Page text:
Everybody can sail in the Atlantic Rally for Cruisers (ARC). That’s what makes this 29-year-old 2700-mile transatlantic maritime caravan from Las Palmas to St. Lucia a ‘bucket list’ for sailors who want to cross new boundaries and explore new worlds while at the same time form life-long friendships with like-minded people on a shared adventure. This year’s 250-plus strong ARC fleet represents a vibrant mix of yacht makes and models, flying the flags of 36 different countries with crews a delightful mix of singles, couples and families.
“The fleet is split between two routes: direct to Saint Lucia on the classic ARC leaving November 23rd, or via the Cape Verde Islands with the ARC+ which leaves ahead of the main fleet on November 9th,” explains Jeremy Wyatt, communications director of the UK-based World Cruising Club (WCC), which operates the ARC and several other cruising rallies. “Having two route options allows room for more boats and it is the multihulls that have spread into this space. We have a whopping 38 catamarans in total sailing this year, representing 15% of the ARC fleet. Leading the twin hull charge are French builders Lagoon, with 16 boats in the ARC – their popular 450 model being the design most frequently seen in the group. Fountaine Pajot and Outremer are also well represented in the fleet.”
Among the monohulls, there is the usual wide spread of types, sizes and configurations representing the breadth of options available to modern cruising sailors. Notable this year are Danish builder X-Yachts, whose cruising XC range is proving popular in both 42 and 45-foot versions of their aft-cockpit racer-cruisers. Per Arne Nilsen, of Norway, will be sailing his X55, Enigma VII, for the first time in the ARC.
“I stopped sailing competitively after my third Olympic laser campaign in 1992,” explains Nilsen. “After that, I have been cruising and sailing regattas in big boats. I’ve never sailed the Atlantic before and I will sail with a crew of experienced X-yacht sailors.”
Stalwart of the cruising fraternity, British builder Oyster Marine is well represented in this year’s ARC with 17 hulls in the fleet, while French yards Jeanneau (18 hulls) and Beneteau (21 hulls) are topping the table. The Beneteau Oceanis 473 being the most popular design amongst the monohulls with five of the type sailing the rally. German brand Bavaria yachts are also popular models for ARC entrants who hail from both sides of the Atlantic.
“We’ve island hopped in the Caribbean for a few winters after buying our Bavaria 39, Asylum, in the British Virgin Islands, and then sailed her to Florida and cruised up to the Chesapeake,” explains Thane Paulsen, from South Dakota, USA who, with wife Brenda, will sail the ARC. “In the spring of 2013 we motored Asylum onto a Dockwise Yacht Transport ship to Spain. We sailed the Mediterranean the last two summers and our dream now is to do the ‘Milk Run’ as a couple. We researched our options of joining a rally for bringing Asylum home and we chose the ARC.”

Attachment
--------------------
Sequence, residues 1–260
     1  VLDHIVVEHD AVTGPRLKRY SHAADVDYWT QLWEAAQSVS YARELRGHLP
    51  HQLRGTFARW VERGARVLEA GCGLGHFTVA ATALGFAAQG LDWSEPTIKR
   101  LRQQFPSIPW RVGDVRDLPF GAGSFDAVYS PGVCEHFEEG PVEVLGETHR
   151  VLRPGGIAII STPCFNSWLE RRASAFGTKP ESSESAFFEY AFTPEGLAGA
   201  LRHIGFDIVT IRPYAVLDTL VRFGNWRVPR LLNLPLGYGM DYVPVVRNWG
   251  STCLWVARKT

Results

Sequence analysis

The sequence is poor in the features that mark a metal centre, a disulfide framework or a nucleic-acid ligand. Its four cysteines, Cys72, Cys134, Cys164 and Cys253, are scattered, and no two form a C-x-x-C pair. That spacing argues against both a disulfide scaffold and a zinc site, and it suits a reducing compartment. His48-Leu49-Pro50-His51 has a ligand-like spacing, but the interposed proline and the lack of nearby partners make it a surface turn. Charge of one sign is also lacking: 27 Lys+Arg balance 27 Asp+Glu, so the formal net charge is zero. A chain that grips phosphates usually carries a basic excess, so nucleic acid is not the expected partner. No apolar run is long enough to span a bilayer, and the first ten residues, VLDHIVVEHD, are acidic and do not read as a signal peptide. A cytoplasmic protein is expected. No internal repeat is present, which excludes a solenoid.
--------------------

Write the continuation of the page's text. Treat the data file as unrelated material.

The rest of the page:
Vincent and Christine De Camaret, from France, are looking forward to sailing the ARC with their two children, 14-year-old Tristan and 11-year-old Gabrielle, aboard their Bavaria 44, 44.com.
“My husband and I both like to sail,” explains Christine. “In 2012, we cruised the Mediterranean in Italy, Greece and Turkey. Discovering the Mediterranean by cruising and sailing was such a big success for us that we wanted to go on and discover more in the west side. We always wanted to cross the Atlantic, but not sail alone. We wanted advice, especially about the weather, and help if we had problems. Most of all we wanted our children to meet other cruising children. Our children will have school by correspondence and the four of us together in the boat gives us time to share in conversation, playing cards, studying and cooking.”
The ‘grand old lady’ of this year’s fleet is Christophe von Reibntiz’s 1936 Henry Gruber designed yawl, Peter von Seestermühe, which has been gracing the ARC regularly since 1990. Also worthy of the epithet ‘classic’ is the 1973 Swan 44, Safa, sailed by Hannu Korpela from Finland. Top and tail this year come from Thalassa, a 1976 Marieholm 32E sailed by Swedish skipper Mattias Järleby at just 31ft long, right up to the big daddy, Leopard, Mike Slade’s super-maxi Farr 100 design. No doubt Leopard’s all Finnish crew will be hoping to capture the course record if conditions are right.
“At the end of a bluewater cruise such as the World ARC or the Atlantic circuit from Europe to the Caribbean and back, cruisers often sell their boats as these are too big for most European marinas,” explains the WCC’s Wyatt. “This means that we do see a lot of ARC boats again, but with new owners setting out on their offshore adventure.”
For more information, visit: www.worldcruising.com
Carol M. Bareuther, RD, is a St. Thomas, U.S. Virgin Islands based marine writer and registered dietitian.